Zero Conditional Mean (ZCM), or Strict Exogeneity, is given by:
$E[u_t|X]=0, t=1,...,T$

Is it true that this implies:

  • Zero Unconditional Mean: $E[u_t]=0, \forall t$
  • Contemporaneous Exogeneity: $E[u_t|x_t]=0, \forall t $ (Where $x_t$ is a vector of explanatory variables)

  • $E[x_su_t]=0, \forall t,s$

And are there any other things that ZCM imply that are particularly useful?


Well consider the Law of Iterated expectation $$\mathbb E[ \mathbb E[Y\lvert W]]= \mathbb E[Y]$$

and apply it with $Y=\mathbf u$ and $W = \mathbf X$, to get $\mathbb E[ \mathbb E[\mathbf u \lvert \mathbf X]]= \mathbb E[\mathbf u]$ and $\mathbb E[ \mathbb E[\mathbf u \lvert \mathbf X]] = \mathbb E[0] = 0$, hence $\mathbb E[\mathbf u]=0$.

Consider a generalized version of Law of Iterated Expectation mentioned in the post A generalization of the Law of Iterated Expectations which states that

$$\mathbb E[\mathbb E[Y\lvert W_1,W_2] \lvert W_2] = \mathbb E[Y\lvert W_2]$$

and let $W_1 = \mathbf X\setminus \mathbf x_t$ (read $\mathbf X$ except the vector $\mathbf x_t$) and let $W_2=\mathbf x_t$ then

$$\mathbb E[\mathbb E[u_t\lvert \mathbf X]\lvert \mathbf x_t] = \mathbb E[\mathbb E[u_t\lvert \mathbf X\setminus \mathbf x_t,\mathbf x_t]\lvert \mathbf x_t] = \mathbb E[u_t \lvert \mathbf x_t]$$ and as before it must be 0 because $\mathbb E[u_t\lvert \mathbf X]=0$.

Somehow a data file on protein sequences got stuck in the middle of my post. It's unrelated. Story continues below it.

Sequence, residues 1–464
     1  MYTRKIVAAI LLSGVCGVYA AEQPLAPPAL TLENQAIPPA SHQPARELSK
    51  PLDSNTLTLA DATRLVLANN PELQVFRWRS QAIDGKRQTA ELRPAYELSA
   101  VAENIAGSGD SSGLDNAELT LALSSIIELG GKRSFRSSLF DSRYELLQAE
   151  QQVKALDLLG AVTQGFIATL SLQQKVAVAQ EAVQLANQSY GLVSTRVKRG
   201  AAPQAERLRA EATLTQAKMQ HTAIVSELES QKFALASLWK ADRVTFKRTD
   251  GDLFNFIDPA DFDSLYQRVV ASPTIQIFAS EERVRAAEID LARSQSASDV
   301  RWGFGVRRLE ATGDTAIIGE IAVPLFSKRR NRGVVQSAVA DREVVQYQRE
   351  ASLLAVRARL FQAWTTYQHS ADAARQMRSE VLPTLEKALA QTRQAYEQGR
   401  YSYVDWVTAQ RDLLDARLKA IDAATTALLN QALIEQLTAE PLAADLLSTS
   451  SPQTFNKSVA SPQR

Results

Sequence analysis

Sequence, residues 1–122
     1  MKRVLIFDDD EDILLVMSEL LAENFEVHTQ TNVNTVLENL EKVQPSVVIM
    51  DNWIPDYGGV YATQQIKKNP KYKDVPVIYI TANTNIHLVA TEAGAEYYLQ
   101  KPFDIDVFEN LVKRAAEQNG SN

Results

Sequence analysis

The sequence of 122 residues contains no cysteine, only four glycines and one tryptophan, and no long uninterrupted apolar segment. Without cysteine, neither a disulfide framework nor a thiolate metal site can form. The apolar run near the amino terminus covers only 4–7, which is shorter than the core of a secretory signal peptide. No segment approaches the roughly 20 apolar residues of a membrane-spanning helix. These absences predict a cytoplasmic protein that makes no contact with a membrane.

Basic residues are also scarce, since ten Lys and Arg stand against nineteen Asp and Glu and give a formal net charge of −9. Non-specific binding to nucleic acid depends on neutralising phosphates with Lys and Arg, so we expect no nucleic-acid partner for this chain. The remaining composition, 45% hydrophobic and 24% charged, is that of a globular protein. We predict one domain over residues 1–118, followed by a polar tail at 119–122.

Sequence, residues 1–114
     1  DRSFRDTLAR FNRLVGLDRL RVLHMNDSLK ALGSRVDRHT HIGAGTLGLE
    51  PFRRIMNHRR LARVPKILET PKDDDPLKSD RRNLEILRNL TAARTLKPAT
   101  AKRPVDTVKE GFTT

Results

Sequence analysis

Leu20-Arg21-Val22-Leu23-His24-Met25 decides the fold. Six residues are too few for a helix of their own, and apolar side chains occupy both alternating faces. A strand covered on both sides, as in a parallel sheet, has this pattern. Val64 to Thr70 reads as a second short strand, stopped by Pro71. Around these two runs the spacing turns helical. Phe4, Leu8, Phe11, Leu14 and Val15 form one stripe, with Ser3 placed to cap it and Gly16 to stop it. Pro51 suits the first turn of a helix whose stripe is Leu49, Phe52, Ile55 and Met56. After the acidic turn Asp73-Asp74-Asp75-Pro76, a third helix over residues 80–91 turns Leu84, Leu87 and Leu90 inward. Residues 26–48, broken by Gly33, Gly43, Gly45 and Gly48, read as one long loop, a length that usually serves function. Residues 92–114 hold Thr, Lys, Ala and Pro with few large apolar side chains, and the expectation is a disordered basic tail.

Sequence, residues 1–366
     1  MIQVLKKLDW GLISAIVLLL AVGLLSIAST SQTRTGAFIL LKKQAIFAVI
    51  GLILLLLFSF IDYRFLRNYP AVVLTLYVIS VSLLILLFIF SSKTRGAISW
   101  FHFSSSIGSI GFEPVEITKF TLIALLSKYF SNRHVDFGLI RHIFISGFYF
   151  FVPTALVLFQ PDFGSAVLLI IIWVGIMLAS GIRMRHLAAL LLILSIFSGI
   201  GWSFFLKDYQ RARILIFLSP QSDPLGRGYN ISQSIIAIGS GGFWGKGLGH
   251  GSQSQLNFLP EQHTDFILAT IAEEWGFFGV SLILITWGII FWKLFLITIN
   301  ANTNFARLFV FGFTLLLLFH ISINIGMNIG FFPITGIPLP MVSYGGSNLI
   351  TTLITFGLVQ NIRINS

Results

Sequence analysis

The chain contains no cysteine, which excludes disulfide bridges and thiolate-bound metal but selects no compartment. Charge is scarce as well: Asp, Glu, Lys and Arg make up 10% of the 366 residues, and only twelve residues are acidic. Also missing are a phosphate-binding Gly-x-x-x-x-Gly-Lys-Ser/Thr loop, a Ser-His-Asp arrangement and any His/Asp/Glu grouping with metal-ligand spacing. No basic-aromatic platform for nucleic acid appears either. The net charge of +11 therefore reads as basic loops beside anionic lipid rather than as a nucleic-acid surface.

Use the same argument to get $\mathbb E[u_t \lvert \mathbf x_s] = 0$ for all $s,t = 1,...,T$ and use this to conclude that

$$\mathbb E[u_t \mathbf x_s] = \mathbb E[\mathbb E[u_t \mathbf x_s\lvert \mathbf x_s] ] = \mathbb E[ \mathbf x_s \mathbb E[u_t \lvert \mathbf x_s] ] = \mathbb E[ \mathbf x_s \cdot 0 ] = 0$$

So the answer must be yes they are all valid statements and further more $\mathbb E[u_t \lvert \mathbf x_s] = 0$ for all $s,t = 1,...,T$ as was used.

An intuitive statement of the statement $$\mathbb E[\mathbb E[Y\lvert W_1,W_2] \lvert W_2] = \mathbb E[Y\lvert W_2]$$ is that the least information set always dominates so you also have $$\mathbb E[\mathbb E[Y\lvert W_2] \lvert W_1, W_2] = \mathbb E[Y\lvert W_2]$$ again this is mentioned in the post referred to above.

  • $\begingroup$ I think the variables in the first 3 lines are mixed up, but I get the point, thanks. $\endgroup$ – DQd Dec 28 '18 at 17:50
  • $\begingroup$ pls accept the answer if it was useful. I have edited the mix up. $\endgroup$ – Jesper for President Dec 28 '18 at 18:13
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    $\begingroup$ Shouldn't the first equation be $\mathbb E[\mathbb E[Y\mid W]]=\mathbb E[Y]$? $\endgroup$ – Cm7F7Bb Feb 21 '19 at 9:11
  • $\begingroup$ yes offcourse thx $\endgroup$ – Jesper for President Feb 22 '19 at 0:45

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